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History of bikes

Good afternoon, ladies and gentlemen. I’d like to take this opportunity to welcome you to our exhibition,
“Two Centuries of the Bike”.
Let’s stroll around the exhibition, shall we?
Although there were a few early efforts back in the 1700s,
you didn’t really see many bikes till, say, the 1830s in England.
Bikes were a response to the rapid growth of cities early in the 19th century.
Cities like London were getting too big to walk across!
The early bike let people travel with less effort than walking.
Plus a bike was a lot cheaper than a horse!
Think of it. No one invented a bike for, what, 5000 years of human history?
Why did people do it then?
Probably because this was the start of the Machine Age:
people wanted machines to do all the work.
There were some drawbacks, however.
For one thing, there were no pedals.
You simply pushed yourself along using your feet.
Kind of like today’s skateboard.
That meant you went fairly slow.
And uphill, you actually worked harder, pushing that two-wheeler.
Plus, the wheels were made of wood covered with metal, as you can see from this model.
So the downside was that the ride was quite uncomfortable on most roads.
Only a few gadget lovers had or used them.
By the 1860s, though, improvements were being made.
As you can see from this specimen, metal frames had become the rule.
They’re more durable than wood, and they don’t warp in the rain.
The biggest improvement however was the development of the chain and sprocket system.
They’re connected.
This meant you did not push the bike.
You used pedals just like today.
You had to try harder to balance, so it took some practice to figure out how to use the pedals.
But it made the ride so much easier.
As a result, the good thing was that you could ride a lot more smoothly and with very little effort.
By the 1880s, another big change was the use of rubber wheels.
These became pretty common at that time.
Though the first ones were solid rubber,
the ride was a good deal more comfortable than the old iron and wood system.
This is a big consideration because the faster you go, the more you feel every bump.
Air-filled tyres – “pneumatic tyres” – didn’t really come into use till around the year 1900,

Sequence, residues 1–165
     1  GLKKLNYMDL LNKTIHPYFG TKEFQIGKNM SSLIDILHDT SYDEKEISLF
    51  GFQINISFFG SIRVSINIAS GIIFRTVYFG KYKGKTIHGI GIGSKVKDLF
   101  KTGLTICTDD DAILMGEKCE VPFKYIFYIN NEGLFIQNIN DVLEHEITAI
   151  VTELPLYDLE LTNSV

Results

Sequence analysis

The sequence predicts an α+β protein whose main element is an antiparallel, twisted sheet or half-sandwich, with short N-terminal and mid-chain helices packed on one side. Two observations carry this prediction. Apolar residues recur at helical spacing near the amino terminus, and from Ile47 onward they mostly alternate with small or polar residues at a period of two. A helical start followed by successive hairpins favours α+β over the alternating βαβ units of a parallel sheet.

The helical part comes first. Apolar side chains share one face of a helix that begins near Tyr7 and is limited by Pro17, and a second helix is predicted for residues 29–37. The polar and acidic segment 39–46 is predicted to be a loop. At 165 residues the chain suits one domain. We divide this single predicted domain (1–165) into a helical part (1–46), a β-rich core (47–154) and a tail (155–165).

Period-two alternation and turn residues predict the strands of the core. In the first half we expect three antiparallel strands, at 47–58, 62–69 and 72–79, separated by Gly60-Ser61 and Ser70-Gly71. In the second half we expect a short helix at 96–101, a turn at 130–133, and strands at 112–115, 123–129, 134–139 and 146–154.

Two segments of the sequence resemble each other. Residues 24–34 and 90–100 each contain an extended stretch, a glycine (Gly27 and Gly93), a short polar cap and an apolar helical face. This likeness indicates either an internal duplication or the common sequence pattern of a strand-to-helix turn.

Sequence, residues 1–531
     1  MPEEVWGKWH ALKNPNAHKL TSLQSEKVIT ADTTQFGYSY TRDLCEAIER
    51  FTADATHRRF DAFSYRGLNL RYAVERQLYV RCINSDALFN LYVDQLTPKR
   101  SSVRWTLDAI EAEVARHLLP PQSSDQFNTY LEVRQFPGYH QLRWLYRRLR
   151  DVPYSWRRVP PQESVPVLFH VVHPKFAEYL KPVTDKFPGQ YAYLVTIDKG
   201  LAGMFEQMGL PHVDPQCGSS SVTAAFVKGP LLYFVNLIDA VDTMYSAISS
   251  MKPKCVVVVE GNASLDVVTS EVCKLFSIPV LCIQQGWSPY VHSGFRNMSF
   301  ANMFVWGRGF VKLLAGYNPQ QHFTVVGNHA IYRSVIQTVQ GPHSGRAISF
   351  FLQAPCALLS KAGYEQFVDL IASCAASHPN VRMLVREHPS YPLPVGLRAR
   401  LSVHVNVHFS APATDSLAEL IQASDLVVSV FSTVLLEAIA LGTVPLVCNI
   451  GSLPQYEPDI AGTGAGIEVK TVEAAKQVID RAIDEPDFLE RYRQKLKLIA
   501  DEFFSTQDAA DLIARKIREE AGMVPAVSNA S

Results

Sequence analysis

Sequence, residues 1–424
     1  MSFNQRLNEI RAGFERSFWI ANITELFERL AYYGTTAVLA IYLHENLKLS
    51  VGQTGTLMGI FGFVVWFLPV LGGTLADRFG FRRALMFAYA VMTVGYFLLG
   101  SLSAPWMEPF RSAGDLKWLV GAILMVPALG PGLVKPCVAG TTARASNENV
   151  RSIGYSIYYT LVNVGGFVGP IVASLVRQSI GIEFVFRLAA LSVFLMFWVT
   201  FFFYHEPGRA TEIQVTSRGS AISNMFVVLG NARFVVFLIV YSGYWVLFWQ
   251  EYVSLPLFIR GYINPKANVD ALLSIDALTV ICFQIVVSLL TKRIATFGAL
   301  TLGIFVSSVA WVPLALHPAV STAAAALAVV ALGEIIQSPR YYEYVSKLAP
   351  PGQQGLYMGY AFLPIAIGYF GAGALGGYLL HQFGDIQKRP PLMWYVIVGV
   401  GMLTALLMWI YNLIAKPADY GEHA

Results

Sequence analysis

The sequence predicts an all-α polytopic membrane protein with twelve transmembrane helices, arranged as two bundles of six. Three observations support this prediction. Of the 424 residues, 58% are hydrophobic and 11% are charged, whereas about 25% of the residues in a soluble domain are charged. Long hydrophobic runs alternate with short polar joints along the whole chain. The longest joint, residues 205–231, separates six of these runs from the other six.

as you can see from this exhibition over here.
That made the ride even more comfortable.
So, by 1890 or so, people were going a lot faster and a lot more smoothly.
There was one problem when you were going quickly and comfortably:
Yes, we all laugh now.
But for a long time, the only way to stop was drag your feet.
That didn’t work very well and it would be dangerous if you were going fast.
In the crowded cities of those years – New York, Chicago, and so on,
you’d get killed if you couldn’t stop for, say, a streetcar.
Plus look at this bike.
The front wheel is nearly a metre and 2/3 tall!
They made them that way so you could see over people and wagons.
But you couldn’t drag your feet.
This model is called a “velocipede” – a “speed pedal”.
Another characteristic of the bike in this period is that it has 2 equal-sized wheels,
which signalled a big change in bikes.
For with the velocipede, brakes appeared.
If you wanted to stop, you just pushed the pedal backwards.
Doing that stopped the back wheel of the bike.
This technique worked a lot better than dragging your feet or jumping off the high seat there!
This meant that bikes became a great deal safer.
It would’ve been safer if people wore helmets,
but the first bicycle helmet wasn’t invented until years later,
and even then it was little more than a leather ballcap.
It really wasn’t until the 1970s that the bike helmet was modified to provide some real protection.
Before continuing on to look at developments since the 1890s, let’s say a word more about safety.
Everyone knows if you’re going downhill, you can get going dangerously fast.
To go more than a hundred kilometres an hour isn’t all that difficult!
But even on level ground it’s easy to go too quickly.
On a city street, today’s bicycles can be ridden at a speed of over 40 miles an hour, over a short distance.
That’s about 64 kilometres an hour.
Remember you’re on a bike, not in a car.
There’s nothing to protect you.
People are killed in single-bicycle accidents every day, just from hitting the road.
A good rule to remember is, if you’re going faster than the cars, slow down.
And please wear a helmet.
Nearly one quarter of the epilepsy cases come from head injuries in accidents on bikes and motorcycles.
I didn’t mean to scare you, but safety is everyone’s business.
What? Now that’s a good question.
Why are today’s bikes so much faster?
Well, it’s not just that today’s athletes are faster.
The answer is partly mechanical.
If you look closely here, at the back wheel you’ll see a number of gears.
Changing gears is what makes those fast speeds possible.
You can shift gears depending on the terrain and how hard you wish to pedal.
So you can put it on a higher gear for downhill,
and a lower gear for uphill travel to make it easier to climb that slope.
You’ll notice this gear-shifting mechanism is attached at the back wheel,
and when the rider shifts on the handlebar gear shifter,
the chain moves to the appropriate sprocket.
And, speaking of changing gears,
let’s look over here at our “Tour de France” exhibit